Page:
In July 2015, Seattle City Council President Tim Burgess proposed legislation he dubbed a “Gun Violence Tax,” contending that “It’s time for the gun industry to help defray” the cost of criminal violence perpetrated with guns. Burgess’s proposal was unanimously passed by the city council on August 10, 2015. The legislation imposed a $25 tax on firearm sales, a $.02 per round tax on .22 and smaller-caliber ammunition, and a $.05 per round tax on ammunition greater than .22 caliber. The revenue was intended to be used to fund anti-gun research at the Harborview Medical Center.

On August 24, 2015, NRA, the National Shooting Sports Foundation and the Second Amendment Foundation filed suit in King County Superior Court to prevent the city from enforcing the new tax. NRA’s complaint pointed out that the tax violates the Second Amendment and is also impermissible under Washington state law.

The U.S. Supreme Court has made clear that governments are not permitted to attack constitutionally-protected conduct through taxation. In the First Amendment context, the Court struck down a Minnesota use tax on ink and paper used in publishing. In that case — Minneapolis Star Tribune Co. v. Minnesota Commissioner of Revenue — the Court warned that, “A power to tax differentially, as opposed to a power to tax generally, gives a government a powerful weapon against the taxpayer selected.”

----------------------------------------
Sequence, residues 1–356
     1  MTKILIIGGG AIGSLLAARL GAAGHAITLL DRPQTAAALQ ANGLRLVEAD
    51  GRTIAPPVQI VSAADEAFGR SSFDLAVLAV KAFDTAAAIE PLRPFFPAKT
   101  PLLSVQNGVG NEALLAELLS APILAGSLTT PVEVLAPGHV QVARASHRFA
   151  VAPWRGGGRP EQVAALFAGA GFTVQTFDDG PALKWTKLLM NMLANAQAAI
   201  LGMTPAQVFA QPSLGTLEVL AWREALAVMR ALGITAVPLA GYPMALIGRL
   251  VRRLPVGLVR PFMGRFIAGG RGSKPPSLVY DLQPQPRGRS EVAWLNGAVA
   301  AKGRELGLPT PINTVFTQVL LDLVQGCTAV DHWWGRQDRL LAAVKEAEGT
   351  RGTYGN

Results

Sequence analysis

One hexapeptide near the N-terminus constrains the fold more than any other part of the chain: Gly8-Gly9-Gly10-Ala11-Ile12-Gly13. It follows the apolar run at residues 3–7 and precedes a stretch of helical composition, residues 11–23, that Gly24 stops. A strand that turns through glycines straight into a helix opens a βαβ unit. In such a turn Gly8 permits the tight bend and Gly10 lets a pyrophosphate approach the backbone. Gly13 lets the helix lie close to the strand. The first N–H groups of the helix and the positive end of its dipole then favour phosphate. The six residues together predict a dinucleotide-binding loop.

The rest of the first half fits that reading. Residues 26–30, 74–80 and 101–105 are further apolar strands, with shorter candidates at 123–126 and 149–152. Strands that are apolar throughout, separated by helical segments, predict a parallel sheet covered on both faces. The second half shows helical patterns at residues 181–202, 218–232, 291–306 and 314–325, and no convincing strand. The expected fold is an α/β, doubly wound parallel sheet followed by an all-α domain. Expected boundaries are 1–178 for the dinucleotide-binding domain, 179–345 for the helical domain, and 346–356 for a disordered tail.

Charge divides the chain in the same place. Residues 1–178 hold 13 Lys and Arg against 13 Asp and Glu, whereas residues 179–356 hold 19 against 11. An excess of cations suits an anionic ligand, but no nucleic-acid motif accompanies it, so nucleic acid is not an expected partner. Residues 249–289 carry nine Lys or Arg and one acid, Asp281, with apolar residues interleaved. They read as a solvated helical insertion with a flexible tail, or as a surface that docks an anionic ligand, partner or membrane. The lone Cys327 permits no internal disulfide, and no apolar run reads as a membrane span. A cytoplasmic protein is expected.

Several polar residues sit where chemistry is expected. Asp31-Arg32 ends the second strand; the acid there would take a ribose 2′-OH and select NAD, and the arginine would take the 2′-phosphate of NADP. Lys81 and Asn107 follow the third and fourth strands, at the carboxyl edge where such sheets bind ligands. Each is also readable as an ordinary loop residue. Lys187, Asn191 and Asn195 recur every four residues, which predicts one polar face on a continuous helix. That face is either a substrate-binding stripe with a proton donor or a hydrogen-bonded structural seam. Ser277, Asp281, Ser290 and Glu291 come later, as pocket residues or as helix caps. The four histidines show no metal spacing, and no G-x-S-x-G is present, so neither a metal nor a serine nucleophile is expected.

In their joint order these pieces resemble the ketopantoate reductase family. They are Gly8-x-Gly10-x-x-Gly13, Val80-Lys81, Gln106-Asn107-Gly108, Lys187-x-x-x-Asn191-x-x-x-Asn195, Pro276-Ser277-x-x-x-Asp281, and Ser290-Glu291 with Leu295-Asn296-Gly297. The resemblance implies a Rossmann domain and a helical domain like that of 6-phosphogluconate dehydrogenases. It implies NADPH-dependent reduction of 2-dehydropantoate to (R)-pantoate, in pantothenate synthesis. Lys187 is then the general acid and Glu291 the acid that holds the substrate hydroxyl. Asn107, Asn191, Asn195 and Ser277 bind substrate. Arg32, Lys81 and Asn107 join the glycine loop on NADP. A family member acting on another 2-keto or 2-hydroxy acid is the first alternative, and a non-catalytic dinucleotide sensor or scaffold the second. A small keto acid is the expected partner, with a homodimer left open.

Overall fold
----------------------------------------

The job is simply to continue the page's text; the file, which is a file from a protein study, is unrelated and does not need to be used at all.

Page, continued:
Washington’s firearms preemption statute also bars Seattle’s tax. Section 9.41.290 of the Revised Code of Washington states,

The state of Washington hereby fully occupies and preempts the entire field of firearms regulation within the boundaries of the state, including the registration, licensing, possession, purchase, sale, acquisition, transfer, discharge, and transportation of firearms, or any other element relating to firearms or parts thereof, including ammunition and reloading components.

And, local laws and ordinances that are inconsistent with, more restrictive than, or exceed the requirements of state law shall not be enacted and are preempted and repealed, regardless of the nature of the code, charter, or home rule status of such city, town, county, or municipality.